Trust the Machines – Let Them Help You Fight Fraud
Anyone who’s seen The Terminator, The Matrix or more recently Ex Machina could be forgiven for thinking that the machines will inevitably turn on us. The reality away from the big screens is that artificial intelligence and machine learning is all around us and is benefiting our lives in more ways than we had perhaps appreciated.
For example, Spotify is using machine learning to evaluate user preferences and suggest increasingly accurate new music recommendations, while car manufacturers are using it to create the first road-safe driverless cars. Already we’re depending on the power of machine learning for important personal issues too; medically it’s being used to research disabilities and prevent avoidable hospitalisations, while in an increasingly threatening global fraud landscape, it helps protect us every day.
Fraud threats are evolving constantly as criminals devise more inventive ways of bringing down online businesses. Last year, Risk Ident conducted a survey which found that online merchants had a rather long cycle when it came to adjusting their fraud prevention rules: 42% change them once a quarter, 26% once every six months and 22% only readjust them once every year. This is dangerous, as fraudsters don’t sit still or update their tactics every quarter or year; they evolve their methods constantly, probing for weaknesses to exploit.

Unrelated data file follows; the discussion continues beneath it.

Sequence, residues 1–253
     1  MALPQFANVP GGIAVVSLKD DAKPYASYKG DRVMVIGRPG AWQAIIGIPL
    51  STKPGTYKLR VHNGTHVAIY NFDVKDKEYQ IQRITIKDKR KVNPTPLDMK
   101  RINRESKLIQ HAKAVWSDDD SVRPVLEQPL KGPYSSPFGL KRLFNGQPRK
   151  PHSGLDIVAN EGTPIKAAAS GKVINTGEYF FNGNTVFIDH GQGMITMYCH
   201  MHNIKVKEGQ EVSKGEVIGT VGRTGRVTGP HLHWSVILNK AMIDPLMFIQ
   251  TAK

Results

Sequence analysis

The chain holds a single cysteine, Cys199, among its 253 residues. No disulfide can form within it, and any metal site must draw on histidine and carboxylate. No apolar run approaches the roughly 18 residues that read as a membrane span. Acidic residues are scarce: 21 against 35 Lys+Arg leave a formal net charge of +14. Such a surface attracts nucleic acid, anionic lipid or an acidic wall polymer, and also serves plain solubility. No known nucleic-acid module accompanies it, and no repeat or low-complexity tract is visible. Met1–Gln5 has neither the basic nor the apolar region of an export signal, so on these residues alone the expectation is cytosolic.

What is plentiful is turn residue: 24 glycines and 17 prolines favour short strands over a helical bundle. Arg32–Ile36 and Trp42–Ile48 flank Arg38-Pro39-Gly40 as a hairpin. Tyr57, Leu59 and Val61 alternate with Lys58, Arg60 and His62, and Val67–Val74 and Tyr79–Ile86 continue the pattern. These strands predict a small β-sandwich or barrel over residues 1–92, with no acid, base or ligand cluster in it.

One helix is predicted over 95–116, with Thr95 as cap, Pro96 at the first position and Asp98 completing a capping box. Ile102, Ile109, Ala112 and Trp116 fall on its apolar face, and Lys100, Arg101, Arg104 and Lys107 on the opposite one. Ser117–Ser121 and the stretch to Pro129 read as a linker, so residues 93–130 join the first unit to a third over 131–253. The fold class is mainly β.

Fraud prevention should be able to intelligently evolve to meet these changeable threats as they arise. In the near future we can expect to face the following challenges:
In 2016, Yahoo fell victim to one of the most devastating breaches we’ve ever seen, reportedly leaking data from more than 1 billion user accounts, while UK telecoms company TalkTalk was ned a record amount by the authorities for allegedly failing to apply “the most basic cyber security measures” for 150,000 customers. A recent Office for National Statistics (ONS) survey estimated that the UK saw 3.6 million cases of fraud and 2 million computer misuse offences last year, making fraud “now the most commonly experienced offence.”
This trend will only continue in 2017, where hacking will target private user information, including names, email addresses, telephone numbers, dates of birth, passwords and security question answers. Collectively we need to identify such threats early and minimise any potential damage.
Snooping on social media
Social media leaves our personal information vulnerable to fraudsters who use Google, Facebook, LinkedIn and Twitter as research facilities. The number of identity the victims rose by 57% between 2015-2016, according to non-profit organisation Cifas, who attributes this sharp rise to information made public on social sites. It has never been so easy to piece together information on a specific person, and sometimes no technological expertise is needed: fraudsters simply take advantage of people sharing too many details publicly, which should be kept private. Spreading awareness about the dangers of over-sharing will help cut the levels of damage fraudsters can cause.